|airplane||тайёра (tayyora)*||هواپیما (havapeima)|
|ticket||чипта (chipta)||بلیط (bilit)|
|watermelon||тарбуз (tarbuz)||هندوانه (henduneh)|
|tomorrow||Пагох (pagoh)||فردا (farda)|
* Interestingly, the Tajik word for
The majority of everyday words are the same. If you go out to buy milk, bottled water, honey and bread, you’ll do so in much the same way as you would have in Iran.
The final difference between Tajik and Farsi is the accent. This is pretty significant. Speaking Farsi (or Dari or Tajik) with a different accent does not in any way mean you speak it better or worse, but Tehrani and Shirazi Farsi are by far the most widely understood in the region and across the Persian-speaking diaspora, simply due to economic power and the impact of media.
Some major differences between Tajik pronunciation and Tehrani are:
- The long vowel for the alef (ا) changes from aa in Tehrani Farsi to a shorter o in Tajik
- The vaav (و) is more often pronounced as av in Tajik, rather than abbreviated to o in Tehrani Farsi
- The general rhythm of speech is different (something best observed)
If you speak Tajik to an Iranian, they’ll understand and be fully able to communicate with you, but there’ll be an accent obstacle to overcome. It’s a bit like speaking New Zealand English to an American. It’s totally intelligible, but the American will need to focus hard to not think of scenes from Flight of the Conchords, or ask their interlocutor to say “Please miss, give me six large bits of your best ham” (something I highly recommend you do, by the way).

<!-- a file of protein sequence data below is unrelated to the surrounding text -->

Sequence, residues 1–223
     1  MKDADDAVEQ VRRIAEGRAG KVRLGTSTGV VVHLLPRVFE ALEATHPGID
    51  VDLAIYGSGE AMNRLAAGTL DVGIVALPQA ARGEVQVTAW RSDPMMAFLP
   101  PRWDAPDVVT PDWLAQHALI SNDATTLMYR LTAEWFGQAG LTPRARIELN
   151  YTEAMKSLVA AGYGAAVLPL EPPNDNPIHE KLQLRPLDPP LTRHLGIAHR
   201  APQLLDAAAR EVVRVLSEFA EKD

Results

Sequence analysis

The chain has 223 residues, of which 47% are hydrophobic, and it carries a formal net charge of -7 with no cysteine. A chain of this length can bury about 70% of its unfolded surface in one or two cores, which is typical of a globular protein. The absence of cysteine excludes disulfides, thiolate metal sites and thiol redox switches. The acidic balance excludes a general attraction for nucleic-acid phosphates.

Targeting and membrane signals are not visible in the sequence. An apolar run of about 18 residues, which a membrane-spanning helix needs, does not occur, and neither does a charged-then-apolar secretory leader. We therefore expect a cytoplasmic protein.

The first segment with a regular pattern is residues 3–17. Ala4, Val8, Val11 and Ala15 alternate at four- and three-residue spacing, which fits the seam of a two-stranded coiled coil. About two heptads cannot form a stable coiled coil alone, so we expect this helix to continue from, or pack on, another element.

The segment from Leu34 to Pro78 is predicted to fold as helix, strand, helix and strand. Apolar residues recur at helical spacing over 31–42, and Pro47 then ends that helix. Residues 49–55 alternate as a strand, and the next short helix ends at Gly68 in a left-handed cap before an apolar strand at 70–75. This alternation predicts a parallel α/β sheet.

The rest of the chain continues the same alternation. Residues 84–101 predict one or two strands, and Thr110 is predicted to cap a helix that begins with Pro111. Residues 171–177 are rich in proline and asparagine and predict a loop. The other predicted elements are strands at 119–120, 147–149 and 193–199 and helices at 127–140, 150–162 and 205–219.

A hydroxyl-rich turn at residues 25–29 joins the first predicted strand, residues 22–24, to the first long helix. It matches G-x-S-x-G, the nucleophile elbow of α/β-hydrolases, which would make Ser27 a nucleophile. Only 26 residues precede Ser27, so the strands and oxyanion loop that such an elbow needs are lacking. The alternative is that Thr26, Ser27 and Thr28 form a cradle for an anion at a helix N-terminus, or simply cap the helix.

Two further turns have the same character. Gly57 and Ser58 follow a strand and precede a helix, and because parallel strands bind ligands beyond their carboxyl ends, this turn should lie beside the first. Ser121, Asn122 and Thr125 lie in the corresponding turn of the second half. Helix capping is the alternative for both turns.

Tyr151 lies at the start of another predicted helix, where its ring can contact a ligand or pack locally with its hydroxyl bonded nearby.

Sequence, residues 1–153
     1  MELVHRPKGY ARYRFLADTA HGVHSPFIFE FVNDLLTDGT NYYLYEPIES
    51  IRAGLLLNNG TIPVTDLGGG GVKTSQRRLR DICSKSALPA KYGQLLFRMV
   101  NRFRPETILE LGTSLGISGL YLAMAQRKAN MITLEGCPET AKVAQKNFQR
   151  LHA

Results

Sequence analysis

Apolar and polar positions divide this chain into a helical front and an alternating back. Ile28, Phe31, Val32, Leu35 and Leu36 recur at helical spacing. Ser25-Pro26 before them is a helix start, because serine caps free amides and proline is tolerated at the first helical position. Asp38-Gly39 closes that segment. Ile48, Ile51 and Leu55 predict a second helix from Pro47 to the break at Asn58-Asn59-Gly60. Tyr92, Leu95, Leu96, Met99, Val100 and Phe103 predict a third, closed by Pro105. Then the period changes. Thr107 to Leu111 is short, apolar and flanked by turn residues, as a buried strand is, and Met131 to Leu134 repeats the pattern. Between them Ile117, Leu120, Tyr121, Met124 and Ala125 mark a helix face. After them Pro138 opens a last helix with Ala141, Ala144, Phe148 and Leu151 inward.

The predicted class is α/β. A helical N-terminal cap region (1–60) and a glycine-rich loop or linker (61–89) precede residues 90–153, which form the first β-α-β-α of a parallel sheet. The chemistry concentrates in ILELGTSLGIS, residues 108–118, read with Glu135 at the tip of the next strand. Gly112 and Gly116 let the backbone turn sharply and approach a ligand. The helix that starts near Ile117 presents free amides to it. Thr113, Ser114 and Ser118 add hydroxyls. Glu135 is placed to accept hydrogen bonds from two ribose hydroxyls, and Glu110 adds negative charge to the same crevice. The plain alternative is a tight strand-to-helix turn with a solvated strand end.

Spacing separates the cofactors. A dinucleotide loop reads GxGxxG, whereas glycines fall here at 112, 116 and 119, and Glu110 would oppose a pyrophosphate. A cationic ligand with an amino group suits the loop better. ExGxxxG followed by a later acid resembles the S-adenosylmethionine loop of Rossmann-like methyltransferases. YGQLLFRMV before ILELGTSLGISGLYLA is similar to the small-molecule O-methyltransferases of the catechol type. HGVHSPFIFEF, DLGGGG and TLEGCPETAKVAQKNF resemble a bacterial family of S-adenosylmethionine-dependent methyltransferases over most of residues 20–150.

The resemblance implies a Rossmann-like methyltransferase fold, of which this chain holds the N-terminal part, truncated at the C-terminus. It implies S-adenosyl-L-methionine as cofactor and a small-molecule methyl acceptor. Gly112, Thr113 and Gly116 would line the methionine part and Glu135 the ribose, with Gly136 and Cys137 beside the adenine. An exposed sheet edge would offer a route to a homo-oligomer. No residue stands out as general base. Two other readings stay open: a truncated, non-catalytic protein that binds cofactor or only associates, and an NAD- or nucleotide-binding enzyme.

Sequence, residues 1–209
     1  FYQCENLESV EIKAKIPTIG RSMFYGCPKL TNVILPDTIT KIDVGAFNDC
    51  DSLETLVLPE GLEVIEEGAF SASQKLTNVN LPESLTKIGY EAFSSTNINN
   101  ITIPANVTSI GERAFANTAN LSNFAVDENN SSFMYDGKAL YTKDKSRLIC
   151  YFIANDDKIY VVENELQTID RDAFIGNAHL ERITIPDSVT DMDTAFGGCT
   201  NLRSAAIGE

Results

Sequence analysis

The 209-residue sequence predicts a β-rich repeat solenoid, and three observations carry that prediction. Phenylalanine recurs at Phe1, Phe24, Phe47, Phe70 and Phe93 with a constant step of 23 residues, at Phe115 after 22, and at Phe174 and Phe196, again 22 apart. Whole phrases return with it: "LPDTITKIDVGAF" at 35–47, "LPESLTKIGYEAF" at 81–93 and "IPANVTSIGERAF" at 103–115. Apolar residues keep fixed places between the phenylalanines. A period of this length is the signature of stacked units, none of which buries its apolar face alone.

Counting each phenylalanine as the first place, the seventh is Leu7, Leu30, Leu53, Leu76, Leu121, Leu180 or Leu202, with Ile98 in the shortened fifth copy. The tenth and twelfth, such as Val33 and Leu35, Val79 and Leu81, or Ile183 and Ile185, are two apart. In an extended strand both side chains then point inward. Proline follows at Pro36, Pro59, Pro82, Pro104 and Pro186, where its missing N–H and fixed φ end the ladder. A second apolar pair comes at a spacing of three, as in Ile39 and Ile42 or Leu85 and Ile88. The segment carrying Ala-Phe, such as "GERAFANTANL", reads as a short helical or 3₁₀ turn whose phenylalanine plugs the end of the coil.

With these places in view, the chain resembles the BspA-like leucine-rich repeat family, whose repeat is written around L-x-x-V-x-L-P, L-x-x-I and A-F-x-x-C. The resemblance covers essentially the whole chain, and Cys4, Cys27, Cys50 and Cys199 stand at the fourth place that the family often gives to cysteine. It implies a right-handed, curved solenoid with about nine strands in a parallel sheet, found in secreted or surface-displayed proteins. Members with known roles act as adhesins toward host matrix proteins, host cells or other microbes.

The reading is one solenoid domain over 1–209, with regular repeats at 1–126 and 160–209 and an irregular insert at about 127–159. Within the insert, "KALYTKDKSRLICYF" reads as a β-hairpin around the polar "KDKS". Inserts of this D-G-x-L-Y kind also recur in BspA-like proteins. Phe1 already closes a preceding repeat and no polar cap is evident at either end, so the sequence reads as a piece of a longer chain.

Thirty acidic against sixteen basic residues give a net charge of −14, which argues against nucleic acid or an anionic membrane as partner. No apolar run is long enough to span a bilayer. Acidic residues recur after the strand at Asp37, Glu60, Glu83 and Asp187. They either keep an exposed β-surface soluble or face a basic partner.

Otherwise, the day-to-day experience of learning Tajik in Tajikistan is different from learning Farsi in Iran. When you study the language, you’ll learn a pure, literary form of the language – possibly even the same Farsi spoken in Iran, from Iranian teachers.
But on the streets of
If you’re hell-bent on learning Tajik — or Farsi, in Tajikistan — your best best is a school.
The best — and possibly only — school is the “Dushanbe Language Center”. There’s very little information about it on the internet, but essentially, this is where American universities and government organisations send their students and staff to get trained. It’s expensive, and usually sponsored by a home country organisation. The last prices I saw ere US$13,000 for a semester, or $7,000 for a summer program — but I can’t find those prices online now.
For Americans, the Critical Language Scholarship program, sponsored by the US Department of State, gives American students access to an intensive summer program. This might be your best bet!
Learn Farsi/Dari in Afghanistan
The second best place to learn Farsi is in Afghanistan, where the language is known as either Dari or Farsi, depending on who you ask. Politically,the language is referred to as Dari, but everyday speakers call it Farsi.
But this shouldn’t stop you by itself. After all, Kabul is still in orange, which means you can go there and you’ll probably be fine if you take effective precautions.